Thursday, May 26, 2005

Another Solution to the Fragile Base Class Problem

Here's a simple python implementation of the solution to the fragile base class problem described in Modular Reasoning in the Presence of Subtyping, and more accessibly in John Cowan's blog. It uses classes in place of "divisions".
class sgd(type):
def __init__(cls, name, bases, dct):
overridden_bases = [ base for attr in dct.keys() for base in cls.__mro__ if hasattr(base, attr) and not attr.startswith('__') ]
required_methods = [ (base,m) for base in overridden_bases for m in base.__dict__ if m not in cls.__dict__ and not m.startswith('__') ]
if required_methods:
raise "unimplemented methods:", required_methods

super(sgd, cls).__init__(name, bases, dct)

class sgd_class(object):
__metaclass__ = sgd

and then:
>>> class a(sgd_class):
... def f(self): pass
... def g(self): pass
...
>>> class b(a): pass
...
>>> class c(a):
... def f(self): pass
... def g(self): pass
...
>>> class d(a):
... def f(self): pass
...
Traceback (most recent call last):
File "<stdin>", line 1, in ?
File "x.py", line 12, in __init__
if required_methods: raise "unimplemented methods:", required_methods
unimplemented methods:: [(<class '__main__.a'>, 'g')]
>>>

Monday, May 16, 2005

People Don't Read, and What To Do About It

Ever had someone flagrantly not read your email? Try putting the most important stuff at the top.

Not reading is a lot more prevalent than you think. Most people don't enjoy reading. Even those who do have too little time to read everything they'd like.

The solution is to write your emails in order of decreasing importance. Don't write in chronological order, or even in logical order. Employ the journalistic technique of "heads, decks, and leads" or headlines, sub-headlines, and leading paragraphs.

This is most important for messages to groups of people, and for documentation messages. In other situations, there isn't so much motivation to write more text than will be read.

(This is ironic as a blog post; those who see this post presumably do read. But this advice is for you! You don't realize how unusual you are.)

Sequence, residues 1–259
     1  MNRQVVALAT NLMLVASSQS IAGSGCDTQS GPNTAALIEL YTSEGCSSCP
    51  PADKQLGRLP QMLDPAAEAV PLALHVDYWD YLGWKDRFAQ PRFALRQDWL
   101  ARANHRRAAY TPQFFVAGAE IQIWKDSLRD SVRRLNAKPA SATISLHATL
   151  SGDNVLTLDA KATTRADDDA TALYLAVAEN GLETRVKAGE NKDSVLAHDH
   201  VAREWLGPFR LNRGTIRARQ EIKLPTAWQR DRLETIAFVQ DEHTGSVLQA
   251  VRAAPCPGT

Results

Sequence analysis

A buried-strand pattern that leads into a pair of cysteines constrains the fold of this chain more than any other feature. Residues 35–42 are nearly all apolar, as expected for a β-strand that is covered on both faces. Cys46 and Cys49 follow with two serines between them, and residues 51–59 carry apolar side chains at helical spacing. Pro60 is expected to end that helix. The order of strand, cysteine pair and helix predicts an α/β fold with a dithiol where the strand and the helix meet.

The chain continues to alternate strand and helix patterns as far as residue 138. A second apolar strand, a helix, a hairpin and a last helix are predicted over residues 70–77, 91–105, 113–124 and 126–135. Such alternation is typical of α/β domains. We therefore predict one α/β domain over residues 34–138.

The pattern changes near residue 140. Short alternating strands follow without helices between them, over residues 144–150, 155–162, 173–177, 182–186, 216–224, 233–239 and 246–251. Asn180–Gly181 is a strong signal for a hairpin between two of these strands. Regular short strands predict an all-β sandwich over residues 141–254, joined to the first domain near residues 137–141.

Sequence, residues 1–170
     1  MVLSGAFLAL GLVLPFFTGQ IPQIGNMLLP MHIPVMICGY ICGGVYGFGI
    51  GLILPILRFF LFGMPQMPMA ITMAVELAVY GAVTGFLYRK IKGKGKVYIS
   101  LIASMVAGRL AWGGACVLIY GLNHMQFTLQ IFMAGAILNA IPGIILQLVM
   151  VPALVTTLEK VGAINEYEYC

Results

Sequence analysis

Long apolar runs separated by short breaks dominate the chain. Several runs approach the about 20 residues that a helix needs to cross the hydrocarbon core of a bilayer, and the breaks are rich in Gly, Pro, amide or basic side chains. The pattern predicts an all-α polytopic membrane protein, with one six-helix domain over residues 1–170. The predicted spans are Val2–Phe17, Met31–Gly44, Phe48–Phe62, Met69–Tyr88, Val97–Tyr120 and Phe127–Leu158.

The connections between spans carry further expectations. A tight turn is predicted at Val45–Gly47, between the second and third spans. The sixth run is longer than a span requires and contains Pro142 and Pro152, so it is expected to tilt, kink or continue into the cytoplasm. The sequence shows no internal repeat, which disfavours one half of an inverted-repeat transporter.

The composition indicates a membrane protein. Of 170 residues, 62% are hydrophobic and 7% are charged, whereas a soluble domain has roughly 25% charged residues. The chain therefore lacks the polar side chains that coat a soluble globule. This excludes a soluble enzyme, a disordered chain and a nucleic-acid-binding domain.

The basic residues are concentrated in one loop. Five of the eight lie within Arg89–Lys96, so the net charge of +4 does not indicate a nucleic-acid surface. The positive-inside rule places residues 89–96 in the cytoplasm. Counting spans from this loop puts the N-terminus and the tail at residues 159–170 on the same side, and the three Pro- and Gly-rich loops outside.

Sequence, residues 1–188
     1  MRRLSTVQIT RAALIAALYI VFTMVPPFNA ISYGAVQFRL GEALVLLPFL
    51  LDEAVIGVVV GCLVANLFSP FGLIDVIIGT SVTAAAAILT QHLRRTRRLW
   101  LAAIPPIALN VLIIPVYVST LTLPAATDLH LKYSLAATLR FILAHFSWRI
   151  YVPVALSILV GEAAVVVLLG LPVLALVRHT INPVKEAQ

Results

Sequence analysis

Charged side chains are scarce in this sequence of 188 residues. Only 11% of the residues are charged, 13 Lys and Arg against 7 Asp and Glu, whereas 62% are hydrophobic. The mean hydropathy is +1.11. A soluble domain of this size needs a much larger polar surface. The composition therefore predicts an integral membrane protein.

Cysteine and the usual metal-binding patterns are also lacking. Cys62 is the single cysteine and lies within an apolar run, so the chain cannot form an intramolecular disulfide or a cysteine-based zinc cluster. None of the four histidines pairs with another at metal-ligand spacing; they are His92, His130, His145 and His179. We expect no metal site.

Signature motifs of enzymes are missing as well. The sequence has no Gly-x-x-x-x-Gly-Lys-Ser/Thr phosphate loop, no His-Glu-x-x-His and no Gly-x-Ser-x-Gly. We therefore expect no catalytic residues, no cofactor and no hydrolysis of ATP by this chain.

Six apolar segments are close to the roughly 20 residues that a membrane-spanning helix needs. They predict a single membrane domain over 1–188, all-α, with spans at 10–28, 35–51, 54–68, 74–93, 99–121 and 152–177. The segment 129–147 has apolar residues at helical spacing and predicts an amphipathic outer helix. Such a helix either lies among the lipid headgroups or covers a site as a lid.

Friday, May 13, 2005

Exceptions Are Good For You

Languages with exceptions are good for you; they make you realize that your code can be interrupted any time.

Consider:
#read user password without displaying on screen
os.system("stty -echo")
print "Password:",
password = raw_input()
os.system("stty echo")
print
What happens if the user changes her mind, and kills the program? All subsequent typing in the shell will be invisible! Checking for errors won't help here.

The only difference in modern languages is that the rest of a program may continue to run even after a function has been interrupted. This creates a new kind of obligation, but not a big one:
  1. you already have to worry about external state without exceptions (above example)
  2. you don't have to worry about local function state, because the exception causes it to be thrown out
  3. you do now have to worry about non-local state
Composable memory transactions would relieve us of even #3; an exception would roll back all the changes.

An effects system would at least catch the omission; it'd flag a function that makes multiple write calls to objects not mentioned in a finally cleanup block.

In languages without exceptions, you have to use a signal handler in the above example; in languages with exceptions, you can use a finally clause for the stty echo.

(In the spirit of the recent exception buzz (Joel Spolsky's popularization of Raymond Chen's rant, and GvR's "resource allocation" work)

Friday, May 06, 2005

Click For Each Page: ACM Queue

Some sites have an obnoxious policy of requiring you to page through their content by clicking "next", "next" a bunch of times. Presumably they do this to better gauge interest in the content; the user cared enough to click to the end of the article. (Web browsers don't naturally support reporting back to the server how far the user scrolls in a page or how long a user has a page open (and focused).) Or they could just be incompetent.

To get around this, you can often click their button "Print This Article" or equivalent.

For some sites, you may have to visit the last section and then click "Print This Article" there. Cute, eh? This is how I read ACM Queue.

Capacity For Self Deception

Someone should start a catalog of memes. It looks like this one started with "Our capacity for self-deception has no known limits." from Ascent of the Mountain, Flight of the Dove: An Invitation to Religious Studies by Michael Novak.

Though it's easier to demonstrate this for criminals, it also applies to the best of us.